Our fall break at Hopkins functions in multiple ways for students. For some it is a chance to travel back home for the weekend, and reconnect with family. For others it is an extra day to get work done on either academic or extracurricular projects. For me, I feel a personal obligation to live up to the name of such a break. I always feel like I have to engage in some activity that is quintessentially fall. Otherwise the fall break is just a random day off during the academic year, with no additional meaning.
So, this fall break I decided to go apple picking, since it is probably the most autumn-themed outing I could think of. On the day of the break, my friends and I piled into our car and headed out to Larriland Farm in Woodbine, MD. It’s about 45 minutes outside of Baltimore, but this pick-your-own farm feels like a completely different world from the city. There’s acres of rolling hills lines with apple trees, wide open spaces sprawling below, and the smell of earth and flowers rising from the ground. This farm doesn’t just include a variety of apple selections, but also of crops themselves, with sunflowers, raspberries, broccoli, and even pumpkins in adjacent fields. As we walked around, we were allowed to sample the produce from all parts of the farm, to test the taste. Let me just say I was never a huge fan of apples back home, but after getting the opportunity to eat them for free at a place like this, my mind has definitely been changed. We also went close to sunset hours, so we got to witness this whole diverse world of colors and smell and taste fade into the golden haze of the last few hours of the day. It was one of the most fulfilling and beautiful things I’ve ever seen. Maybe it was because all of my basic expectations for the day were satisfied, but I honestly just believe that the beauty and stillness of the moment is really what got to me.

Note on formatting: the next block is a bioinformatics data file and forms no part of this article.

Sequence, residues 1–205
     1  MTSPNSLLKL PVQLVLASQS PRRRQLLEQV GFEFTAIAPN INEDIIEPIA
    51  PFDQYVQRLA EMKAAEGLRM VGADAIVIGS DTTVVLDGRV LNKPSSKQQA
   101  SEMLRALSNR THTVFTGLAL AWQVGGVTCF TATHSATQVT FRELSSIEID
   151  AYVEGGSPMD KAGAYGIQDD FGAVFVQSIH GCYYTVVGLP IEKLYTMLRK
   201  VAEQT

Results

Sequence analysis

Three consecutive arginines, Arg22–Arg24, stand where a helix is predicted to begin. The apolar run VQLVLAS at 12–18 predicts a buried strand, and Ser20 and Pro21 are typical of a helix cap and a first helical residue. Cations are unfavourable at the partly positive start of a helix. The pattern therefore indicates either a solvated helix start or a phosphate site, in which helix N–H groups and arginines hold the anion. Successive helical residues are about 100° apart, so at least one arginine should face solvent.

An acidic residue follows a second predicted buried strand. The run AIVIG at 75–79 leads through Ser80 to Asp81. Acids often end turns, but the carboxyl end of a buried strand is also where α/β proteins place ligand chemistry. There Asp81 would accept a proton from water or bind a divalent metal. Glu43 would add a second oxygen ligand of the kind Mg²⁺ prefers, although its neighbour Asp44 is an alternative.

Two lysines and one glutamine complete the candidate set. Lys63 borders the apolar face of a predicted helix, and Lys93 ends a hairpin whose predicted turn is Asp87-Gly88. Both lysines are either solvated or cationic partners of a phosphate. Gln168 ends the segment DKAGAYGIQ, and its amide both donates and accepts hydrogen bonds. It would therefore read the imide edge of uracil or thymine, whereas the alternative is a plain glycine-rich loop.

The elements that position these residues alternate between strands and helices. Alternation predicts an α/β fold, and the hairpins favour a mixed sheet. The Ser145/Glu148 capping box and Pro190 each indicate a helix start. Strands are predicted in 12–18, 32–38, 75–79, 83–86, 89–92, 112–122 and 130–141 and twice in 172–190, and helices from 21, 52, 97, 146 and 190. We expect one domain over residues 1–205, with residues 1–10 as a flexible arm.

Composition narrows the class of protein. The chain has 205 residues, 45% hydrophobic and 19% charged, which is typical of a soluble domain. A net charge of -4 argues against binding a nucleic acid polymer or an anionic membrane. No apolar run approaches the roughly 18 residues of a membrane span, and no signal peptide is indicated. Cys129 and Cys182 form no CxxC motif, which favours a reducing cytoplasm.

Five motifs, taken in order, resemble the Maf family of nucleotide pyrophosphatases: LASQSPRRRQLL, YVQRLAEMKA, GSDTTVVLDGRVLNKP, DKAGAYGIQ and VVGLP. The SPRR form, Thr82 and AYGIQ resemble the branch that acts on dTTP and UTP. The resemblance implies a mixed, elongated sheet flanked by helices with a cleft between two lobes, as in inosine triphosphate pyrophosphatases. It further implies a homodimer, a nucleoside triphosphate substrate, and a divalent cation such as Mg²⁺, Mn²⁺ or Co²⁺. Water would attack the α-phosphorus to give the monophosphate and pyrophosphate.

A lot of people write off apple picking as a basic thing to do. Apple picking is usually described as some popular, conformist tradition that any interesting person would turn their nose up to. Or it is described as an activity that only serves the purpose of producing images for social media, and curating one’s online platform. But, I can see why such an activity would be so popular just from my experience out in the orchard. It was one of the most peaceful and wholesome things I’ve done at Hopkins. And yes, I did take pictures to post, and I spun around to show snapchat the gorgeous scenery too. However, I feel like these actions did not diminish the experience I had, I just got to share it with more people. Just because an activity is labeled as unoriginal, doesn’t mean that we should stop participating in that activity. There’s a reason that apple picking is such an unoriginal, basic thing to do: because it’s fun and wonderful. I say we should embrace the basic and revel in how something so simple as picking your own apples can be such an enjoyable experience.
This fall break felt like a much needed breath of fresh air. In the midst of the semester, in the middle of Baltimore, its easy to forget what exploring the great outdoors feels like (depending on what you count as outdoors, I think the farm counts). Its easy to lose track of the last time you went on an adventure. Doing something that broke my usual routine really helped to clear my head; it forced me to enjoy the moment rather than staying in a mindset of always looking ahead. I would suggest apple picking, or any other similarly basic autumn activity as a great way to spend fall break.